The following MBW blog comes from Jakub Kaczmarek, a Director of A&R and International Development at Universal Music Group. Kaczmarek (pictured inset), who is based in Warsaw, Poland, has worked in A&R at UMG for over four years.
This year will be a difficult follow-up to what hit us in early 2020.
No matter how well we’ve adjusted to new circumstances, we can’t expect artists to feel normal. That is why we should act as empathetically as we can.
As the live music industry has died (temporarily), the only way for artists to connect with their audiences has been to actually to record new music and be active on social media.
We all remember the early stage of COVID-19 when everyone began to stream live gigs from their living rooms, garages, bathrooms, and so on. The motivation for artists and their listeners to connect and support each other was at the highest level. That was good for a month or three.
Some of our artists are struggling to barely survive. Others have the privilege of making a living from copyrights, savings, or music sales. Both groups, though, are frustrated.”
Today, nearly a year on, we’re still unable to attend festivals or club shows. (Maybe apart from short moments when concerts at 25% or 50% capacity were allowed by certain administrations.)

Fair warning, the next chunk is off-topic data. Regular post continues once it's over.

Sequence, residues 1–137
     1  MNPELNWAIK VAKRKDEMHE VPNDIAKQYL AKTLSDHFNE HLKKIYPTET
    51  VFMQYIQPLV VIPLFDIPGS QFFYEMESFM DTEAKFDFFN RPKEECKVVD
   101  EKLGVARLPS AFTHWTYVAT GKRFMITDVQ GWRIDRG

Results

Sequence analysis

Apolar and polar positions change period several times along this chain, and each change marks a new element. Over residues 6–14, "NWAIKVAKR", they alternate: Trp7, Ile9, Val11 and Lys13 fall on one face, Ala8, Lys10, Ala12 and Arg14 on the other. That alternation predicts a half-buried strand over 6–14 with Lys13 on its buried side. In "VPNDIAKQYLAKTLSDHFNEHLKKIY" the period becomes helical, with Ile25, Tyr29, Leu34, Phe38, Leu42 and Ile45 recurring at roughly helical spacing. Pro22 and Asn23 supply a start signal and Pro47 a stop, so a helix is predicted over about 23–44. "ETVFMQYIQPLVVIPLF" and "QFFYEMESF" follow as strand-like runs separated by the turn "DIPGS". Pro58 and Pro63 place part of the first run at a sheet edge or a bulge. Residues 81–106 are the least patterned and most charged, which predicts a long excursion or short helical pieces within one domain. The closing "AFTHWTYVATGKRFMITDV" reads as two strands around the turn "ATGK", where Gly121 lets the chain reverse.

So what now? Some of our artists are struggling to survive. No shows = no live income. Others have the privilege of making a living from copyrights, savings, or music sales.
Both groups of artists, though, are frustrated. And as the A&Rs, we need to support them more than ever before.
What can we do:
- Be closer with your artists
- Listen to them even more carefully
- Ask questions
- Offer your help
- Keep them highly motivated and productive
- Call or text them that bit more
- Provide tools to aid their development
Empathy is a word that we all know well. It’s an experience that we learn as young kids and stays within us forever. We can recognize two or even three various types of empathy: affective empathy; cognitive empathy; and
sort of a mixture of both called compassionate empathy.
Affective empathy is when we mirror in ourselves what another person feels. It’s also called emotional empathy.
Cognitive empathy is when you put yourself into someone’s shoes. It’s based on rational thinking, not emotions.
What our artists need today is compassionate support. Not only to understand them but also to feel their emotions. Naturally, there has to be a balance of both, probably in different measures for each individual. Make sure to lead them through these hard time – if they need such support, of course.
“Empathy builds an environment of openness. This reduces misunderstandings and conflicts.”
Being empathetic will help also us to know our artists better, understand them well, and as a result, achieve bigger goals together. You will discover a meaningful purpose for your daily duties, way richer than creating fantastic music.
Empathy builds an environment of openness. This reduces misunderstandings and conflicts. It’s worth mentioning that it also helps prevent burnout, or at least slows it down, which is a big threat from this year.
To summarize, remember to take the perspective of your artist more often, try to feel their emotions, hold out a helping hand – and don’t limit this behavior only to matters of them delivering their music.Music Business Worldwide